With the 114th Congress taking office this month, it’s time for issues new and old to take center stage again.
Boating Industry talked to Nicole Vasilaros, director of regulatory and legal affairs at the National Marine Manufacturers Association, about some of the key legislative issues facing the marine industry and what we can expect from the new Republican Congress.
We have a Republican Congress now, so what does that mean for the industry? What does that change and what doesn’t change?
There’s definitely been a shift to the Republicans, which tends to be great for pro-business industry members like so many of ours. There’s definitely a window with any new Congress, a new opportunity to take up legislation that failed in the old Congress, and give it all a fresh start, if you will.
So we’re looking toward capitalizing on that momentum of a fresh start, a new Congress. There are a couple bills that we’ve been working on for several years now, hoping that there will be momentum and a better chance of them getting through with the Republican majority.
What are some of those areas NMMA is hoping we’ll see some action on?
The first one is a transportation bill. There was definitely a lot of momentum and hope to get something done in the 113th Congress, but we just got a reauthorization through May. We’ve already heard a lot of talk from Chairman [James Inhofe, R-Okla.] on the Senate side, and I know Chairman [Bill Shuster, R-Pa.] on the House side has been wanting to do a long-term reauthorization. From what we’re hearing it is the No. 1 priority for both chairmen and those committees.
For the boating industry, it’s really important because it includes the funds for the Sport Fish Restoration and Boating Trust Fund.
Ethanol is a perennial issue for us, especially because at the very end of 2014, EPA further kicked the can down the road on the [Renewable Volume Obligations] and the ethanol issue. (Editor’s note: See related story here) There’s definitely renewed momentum and hope to get some type of reform with the Renewable Fuel Standard.
Any indication that the EPA will be addressing the issue soon?
What they have announced they are going to do is do a joint 2014 and 2015 RVO. They still haven’t done last year. Definitely, the political landscape made it a sensitive issue and while we disagree with them kicking it down the road, that’s why we think they did it.
It just confirms the focus that Congress has to fix it. The EPA might do something, but it doesn’t get us the long-term fix we’re hoping for.
How about on the Magnuson-Stevens front?
We lost a great advocate in Sen. Mark Begich [D, Alaska], who has been staunchly advocating for a reauthorization. We still have Sen. Marco Rubio [R, Fla.] who is very engaged on this issue and we’re hoping to reignite those efforts. It remains to be seen what we’re going to be able to do on an MSA reauthorization, but the community of fishing and boating is working together to try to get some legislative language out there.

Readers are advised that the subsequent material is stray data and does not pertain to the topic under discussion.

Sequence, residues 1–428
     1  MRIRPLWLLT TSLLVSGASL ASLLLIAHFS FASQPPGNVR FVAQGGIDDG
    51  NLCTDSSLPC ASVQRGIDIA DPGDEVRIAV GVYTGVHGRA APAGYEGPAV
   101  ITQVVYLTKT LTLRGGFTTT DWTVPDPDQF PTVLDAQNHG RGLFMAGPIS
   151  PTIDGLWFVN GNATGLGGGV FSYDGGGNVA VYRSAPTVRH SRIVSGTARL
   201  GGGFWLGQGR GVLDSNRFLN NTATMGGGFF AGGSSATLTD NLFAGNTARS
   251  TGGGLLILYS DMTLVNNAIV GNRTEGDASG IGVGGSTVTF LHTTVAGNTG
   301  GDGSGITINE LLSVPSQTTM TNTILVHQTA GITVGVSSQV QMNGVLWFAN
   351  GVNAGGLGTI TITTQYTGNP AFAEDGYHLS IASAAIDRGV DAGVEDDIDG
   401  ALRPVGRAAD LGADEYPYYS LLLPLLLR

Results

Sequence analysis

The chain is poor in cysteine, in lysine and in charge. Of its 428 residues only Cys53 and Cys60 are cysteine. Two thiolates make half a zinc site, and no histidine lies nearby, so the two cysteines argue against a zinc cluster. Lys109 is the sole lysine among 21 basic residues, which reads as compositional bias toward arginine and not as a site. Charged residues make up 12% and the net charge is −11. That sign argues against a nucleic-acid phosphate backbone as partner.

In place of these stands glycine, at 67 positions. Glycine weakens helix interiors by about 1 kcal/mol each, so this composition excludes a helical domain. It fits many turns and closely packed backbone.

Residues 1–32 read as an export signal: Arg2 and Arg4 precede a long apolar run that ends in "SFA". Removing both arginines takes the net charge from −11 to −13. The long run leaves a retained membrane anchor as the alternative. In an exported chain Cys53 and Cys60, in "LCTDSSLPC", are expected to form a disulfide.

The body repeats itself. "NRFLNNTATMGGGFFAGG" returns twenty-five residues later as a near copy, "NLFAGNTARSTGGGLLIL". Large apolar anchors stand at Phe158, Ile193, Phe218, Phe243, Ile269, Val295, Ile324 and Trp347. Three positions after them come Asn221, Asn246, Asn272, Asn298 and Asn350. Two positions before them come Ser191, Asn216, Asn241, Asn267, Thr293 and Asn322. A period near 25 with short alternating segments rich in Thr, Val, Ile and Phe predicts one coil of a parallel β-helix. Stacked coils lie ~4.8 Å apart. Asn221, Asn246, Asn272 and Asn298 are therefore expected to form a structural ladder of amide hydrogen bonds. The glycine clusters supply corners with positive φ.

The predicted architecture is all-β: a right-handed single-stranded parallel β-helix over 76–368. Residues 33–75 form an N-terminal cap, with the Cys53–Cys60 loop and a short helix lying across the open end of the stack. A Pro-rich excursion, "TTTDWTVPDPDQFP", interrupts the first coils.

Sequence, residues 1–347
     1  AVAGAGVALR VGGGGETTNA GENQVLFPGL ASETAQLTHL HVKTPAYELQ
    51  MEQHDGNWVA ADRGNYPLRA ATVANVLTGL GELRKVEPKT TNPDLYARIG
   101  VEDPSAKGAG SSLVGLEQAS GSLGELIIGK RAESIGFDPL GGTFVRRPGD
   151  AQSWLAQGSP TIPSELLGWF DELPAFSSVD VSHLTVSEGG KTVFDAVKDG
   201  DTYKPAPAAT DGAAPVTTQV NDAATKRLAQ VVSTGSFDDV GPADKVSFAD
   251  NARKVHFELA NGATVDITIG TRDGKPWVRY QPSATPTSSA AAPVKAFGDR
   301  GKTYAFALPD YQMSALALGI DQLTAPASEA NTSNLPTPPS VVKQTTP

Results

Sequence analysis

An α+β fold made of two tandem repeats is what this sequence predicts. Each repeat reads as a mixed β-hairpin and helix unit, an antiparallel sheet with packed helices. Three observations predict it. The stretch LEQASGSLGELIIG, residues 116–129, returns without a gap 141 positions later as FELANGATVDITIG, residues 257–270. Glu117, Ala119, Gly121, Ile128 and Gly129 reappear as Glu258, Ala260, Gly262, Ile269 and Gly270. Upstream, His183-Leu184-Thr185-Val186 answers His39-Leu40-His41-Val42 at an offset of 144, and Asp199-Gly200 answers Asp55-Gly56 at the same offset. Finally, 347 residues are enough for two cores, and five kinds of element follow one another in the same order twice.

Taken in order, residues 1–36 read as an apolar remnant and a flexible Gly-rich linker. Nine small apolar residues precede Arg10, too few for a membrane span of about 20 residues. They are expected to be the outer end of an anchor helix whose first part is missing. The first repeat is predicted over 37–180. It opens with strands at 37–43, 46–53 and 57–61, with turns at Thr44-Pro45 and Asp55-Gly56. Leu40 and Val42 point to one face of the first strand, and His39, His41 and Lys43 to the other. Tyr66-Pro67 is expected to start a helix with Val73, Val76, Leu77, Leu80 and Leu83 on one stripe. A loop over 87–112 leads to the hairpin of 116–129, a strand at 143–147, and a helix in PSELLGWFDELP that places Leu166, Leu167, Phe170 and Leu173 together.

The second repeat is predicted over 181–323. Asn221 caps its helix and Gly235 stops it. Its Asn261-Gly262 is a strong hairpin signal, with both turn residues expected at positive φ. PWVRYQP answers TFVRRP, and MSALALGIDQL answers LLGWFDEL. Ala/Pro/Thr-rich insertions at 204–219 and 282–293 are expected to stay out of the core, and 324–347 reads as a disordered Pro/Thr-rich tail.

There’s definitely hope. They all say that first 100 days, that’s the window of excitement, of energy, and I would say that between Sportfish, ethanol and MSA, those are our top three issues to look for.
What do you think is the likelihood we’ll some positive action on any of these issues?
I definitely think we’re going to get a transportation bill. There is a lot of momentum to get something through. That will be key to keeping the stream of funding for the Sportfish Restoration Fund that is so critical to our states.
You never guarantee something here in D.C., but there is a very good chance of a transportation bill getting done before May.
We will see some ethanol bills in the next month or so, particularly on the House side. It remains to be seen what we can do on the Senate side in terms of getting some advocates. We just need to see what the vehicle is, and move from there on ethanol.
As for Magnuson, it’s just a very complicated issue. There’s no easy solution. I wouldn’t expect to get anything finalized in the next 100 days, but we’re looking to get the bills we care about introduced and get the conversation going.
Any other issues people in the industry should be watching?
There are a lot of new freshman members of Congress that we’re definitely looking toward … trying to find new advocates that are favoring the recreational boating industry. We have a new co-chair of the Congressional Boating Caucus, Rep. Patrick Murphy from Florida, so that’s a really exciting thing to have some new blood in the caucus and somebody from Florida, which is so important for our industry. He’ll be joining Rep. Candice Miller of Michigan, who’s been a great advocate of ours for several years.
Trade continues to be a really important issue for this industry and it seems like there is going to be some progress on trade agreements.
What’s the best way for our readers to make sure they are heard on these issues?
It’s almost too simple – contact your member of Congress. We’re also encouraging people to sign up for BoatingUnited.com. That’s our grassroots tool for the whole industry. That enables your readers and boaters around the country to learn the issues and contact their representatives directly.
That allows them to self-identify with recreational boating issues. It allows us to have direct communication with them, and hopefully they can engage on these issues. We’ll continue to communicate through that medium on issues as they come up.